Listening to the outer space

Light of truth

On October 26, 2017 Pope Francis conversed with astronauts orbiting Earth on the International Space Station, discussing questions as diverse as man’s place in the universe, the fragility of life and the planet and international cooperation.

“Astronomy makes us contemplate the horizons of the universe and raises questions in us: Where did we come from? Where are we going?” the Pope said. Then he posed his first question: “What is your thought on man’s place in the universe?”

Italian astronaut Paolo Nespoli responded by saying that man’s place in the universe is a “complex question.” He noted that being in space has helped him to realize that the more humanity learns, the more clearly we can see how much we still do not know.

As reported in National Catholic Registrar, Nespoli further wishes that theologians, philosophers, poets, writers can come to the outer space, and explore the meaning of life.

For Josef Aschbacher, director of the earth observation programs for the astronauts, speaking with the Pope was an “experience of a lifetime.” He added the Pope’s questions were all “very interesting” because they have to do with “our life as humanity.”

American Randolph Bresnik said that what gives him the greatest joy in space is being able “to look outside and see God’s creation maybe a little bit from his perspective. People cannot come up here and see the indescribable beauty of our Earth and not be touched in their souls.”

There’s an incredible peace and serenity to our planet when you see it in orbit, he said, and there are “no borders, no conflict — it’s just peaceful.” He also said that from space you can see “the thinness of the atmosphere, and it makes you realize how fragile our existence here is.”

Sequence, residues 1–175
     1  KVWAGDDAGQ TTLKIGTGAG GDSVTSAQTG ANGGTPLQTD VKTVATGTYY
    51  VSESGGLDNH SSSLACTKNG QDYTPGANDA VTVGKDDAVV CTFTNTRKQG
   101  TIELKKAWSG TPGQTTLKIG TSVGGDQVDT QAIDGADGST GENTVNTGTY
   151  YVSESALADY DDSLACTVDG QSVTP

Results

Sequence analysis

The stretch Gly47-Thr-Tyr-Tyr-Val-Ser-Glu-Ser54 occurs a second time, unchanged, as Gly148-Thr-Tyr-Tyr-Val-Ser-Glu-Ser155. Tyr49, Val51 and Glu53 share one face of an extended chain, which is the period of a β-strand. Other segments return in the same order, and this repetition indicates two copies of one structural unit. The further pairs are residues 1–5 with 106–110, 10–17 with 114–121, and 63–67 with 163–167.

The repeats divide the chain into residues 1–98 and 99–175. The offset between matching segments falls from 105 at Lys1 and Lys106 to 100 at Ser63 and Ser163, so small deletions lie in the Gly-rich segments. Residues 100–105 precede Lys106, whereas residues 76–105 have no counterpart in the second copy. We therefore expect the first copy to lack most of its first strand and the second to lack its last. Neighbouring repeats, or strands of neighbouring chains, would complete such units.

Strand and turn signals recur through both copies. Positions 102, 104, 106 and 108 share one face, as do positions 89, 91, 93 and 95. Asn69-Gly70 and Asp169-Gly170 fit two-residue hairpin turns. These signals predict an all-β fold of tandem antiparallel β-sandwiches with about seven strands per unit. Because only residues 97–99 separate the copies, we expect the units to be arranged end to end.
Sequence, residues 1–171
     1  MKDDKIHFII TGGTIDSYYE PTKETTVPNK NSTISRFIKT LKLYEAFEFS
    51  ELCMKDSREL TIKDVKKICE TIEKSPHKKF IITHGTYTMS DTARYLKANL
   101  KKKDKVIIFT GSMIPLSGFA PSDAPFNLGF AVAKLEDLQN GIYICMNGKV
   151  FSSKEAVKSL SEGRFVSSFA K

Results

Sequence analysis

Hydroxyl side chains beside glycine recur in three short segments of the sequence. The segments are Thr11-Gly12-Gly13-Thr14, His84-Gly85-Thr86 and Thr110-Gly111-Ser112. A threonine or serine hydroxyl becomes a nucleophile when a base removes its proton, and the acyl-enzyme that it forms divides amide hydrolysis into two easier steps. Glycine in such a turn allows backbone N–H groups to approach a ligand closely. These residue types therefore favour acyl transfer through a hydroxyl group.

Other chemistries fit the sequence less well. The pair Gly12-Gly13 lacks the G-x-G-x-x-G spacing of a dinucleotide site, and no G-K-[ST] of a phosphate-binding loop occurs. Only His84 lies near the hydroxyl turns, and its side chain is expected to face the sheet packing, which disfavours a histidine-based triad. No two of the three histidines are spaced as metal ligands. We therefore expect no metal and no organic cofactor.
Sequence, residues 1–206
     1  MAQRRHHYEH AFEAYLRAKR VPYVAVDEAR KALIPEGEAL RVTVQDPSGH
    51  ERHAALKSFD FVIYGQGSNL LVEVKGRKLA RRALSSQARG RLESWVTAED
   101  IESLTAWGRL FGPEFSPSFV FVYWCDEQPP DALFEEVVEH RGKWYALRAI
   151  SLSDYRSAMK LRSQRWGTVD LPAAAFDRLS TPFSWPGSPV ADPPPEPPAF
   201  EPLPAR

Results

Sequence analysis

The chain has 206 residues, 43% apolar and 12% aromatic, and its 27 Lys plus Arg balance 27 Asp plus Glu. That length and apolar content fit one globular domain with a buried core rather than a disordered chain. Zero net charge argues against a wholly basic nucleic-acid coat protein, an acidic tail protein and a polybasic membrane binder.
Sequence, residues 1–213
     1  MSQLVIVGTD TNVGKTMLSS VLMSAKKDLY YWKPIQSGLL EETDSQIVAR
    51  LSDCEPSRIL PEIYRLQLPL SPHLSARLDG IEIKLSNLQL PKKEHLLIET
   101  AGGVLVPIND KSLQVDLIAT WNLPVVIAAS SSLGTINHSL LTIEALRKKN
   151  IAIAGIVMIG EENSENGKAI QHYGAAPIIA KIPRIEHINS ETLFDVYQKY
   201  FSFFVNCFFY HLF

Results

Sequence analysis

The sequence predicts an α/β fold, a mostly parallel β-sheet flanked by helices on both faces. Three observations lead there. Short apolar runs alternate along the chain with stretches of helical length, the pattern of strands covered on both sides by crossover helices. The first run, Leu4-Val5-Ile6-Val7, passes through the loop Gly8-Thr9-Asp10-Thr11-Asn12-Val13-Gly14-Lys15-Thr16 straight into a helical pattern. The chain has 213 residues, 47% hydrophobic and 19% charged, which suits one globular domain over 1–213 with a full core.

The astronauts also spoke with Francis about their own diversity and how it is an asset in their work on the International Space Station. “As we work here on the space station and in our international partnership, we hope that the example of what we can achieve together is an example for all the world and humanity,” Bresnik said.

Francis said that although our society is very individualistic, cooperation is essential in life, asking about examples of collaboration in their work.

“It’s our diversity that makes us stronger,” Joseph Acaba an American scientist said. “And I think we need to embrace who we are as individuals and respect those around us. And by working together, we can do things much better than we can as individuals.”

Francis referred to the Italian poet Dante who described love as the force that moves the universe. Cosmonaut Misurkin responded that he had listened to an audio version of Antoine de Saint-Exupéry’s book The Little Prince and was struck by the child’s understanding of love. “A little boy was ready to sacrifice his life to come back to, protect and love his only flower, the being closest to him,” he said. “That’s love in my understanding.”

The encounter between the astronauts on the space station and the Pope was a fascinating intersection between religion and science, said Aschbacher, noting that science can assist in the search for God through its curiosity to better understand our world.

Roberto Battiston, president of the Italian Space Agency, added that “there is no doubt that science is a way of searching for the truth” and though religion and science may have different ways of searching, they still have the same goal.

kuru@jdv.edu.in

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